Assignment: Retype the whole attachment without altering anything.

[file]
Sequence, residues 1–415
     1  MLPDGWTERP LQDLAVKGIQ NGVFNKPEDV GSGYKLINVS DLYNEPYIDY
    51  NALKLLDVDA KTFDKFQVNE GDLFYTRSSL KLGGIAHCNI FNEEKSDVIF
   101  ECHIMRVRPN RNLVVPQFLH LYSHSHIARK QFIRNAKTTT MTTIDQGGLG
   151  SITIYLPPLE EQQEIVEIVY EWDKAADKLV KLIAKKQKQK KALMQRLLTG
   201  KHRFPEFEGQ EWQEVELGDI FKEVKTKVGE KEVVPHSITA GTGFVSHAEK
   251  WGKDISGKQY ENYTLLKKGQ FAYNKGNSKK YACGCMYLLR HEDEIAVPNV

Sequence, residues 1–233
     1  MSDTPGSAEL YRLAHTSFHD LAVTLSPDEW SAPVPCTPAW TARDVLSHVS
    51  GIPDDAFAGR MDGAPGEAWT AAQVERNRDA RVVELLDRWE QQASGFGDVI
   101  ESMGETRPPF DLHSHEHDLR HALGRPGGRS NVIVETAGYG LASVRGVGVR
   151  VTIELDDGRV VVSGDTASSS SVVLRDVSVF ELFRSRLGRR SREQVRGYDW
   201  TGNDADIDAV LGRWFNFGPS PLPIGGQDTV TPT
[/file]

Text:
Sequence, residues 1–415
     1  MLPDGWTERP LQDLAVKGIQ NGVFNKPEDV GSGYKLINVS DLYNEPYIDY
    51  NALKLLDVDA KTFDKFQVNE GDLFYTRSSL KLGGIAHCNI FNEEKSDVIF
   101  ECHIMRVRPN RNLVVPQFLH LYSHSHIARK QFIRNAKTTT MTTIDQGGLG
   151  SITIYLPPLE EQQEIVEIVY EWDKAADKLV KLIAKKQKQK KALMQRLLTG
   201  KHRFPEFEGQ EWQEVELGDI FKEVKTKVGE KEVVPHSITA GTGFVSHAEK
   251  WGKDISGKQY ENYTLLKKGQ FAYNKGNSKK YACGCMYLLR HEDEIAVPNV

Sequence, residues 1–233
     1  MSDTPGSAEL YRLAHTSFHD LAVTLSPDEW SAPVPCTPAW TARDVLSHVS
    51  GIPDDAFAGR MDGAPGEAWT AAQVERNRDA RVVELLDRWE QQASGFGDVI
   101  ESMGETRPPF DLHSHEHDLR HALGRPGGRS NVIVETAGYG LASVRGVGVR
   151  VTIELDDGRV VVSGDTASSS SVVLRDVSVF ELFRSRLGRR SREQVRGYDW
   201  TGNDADIDAV LGRWFNFGPS PLPIGGQDTV TPT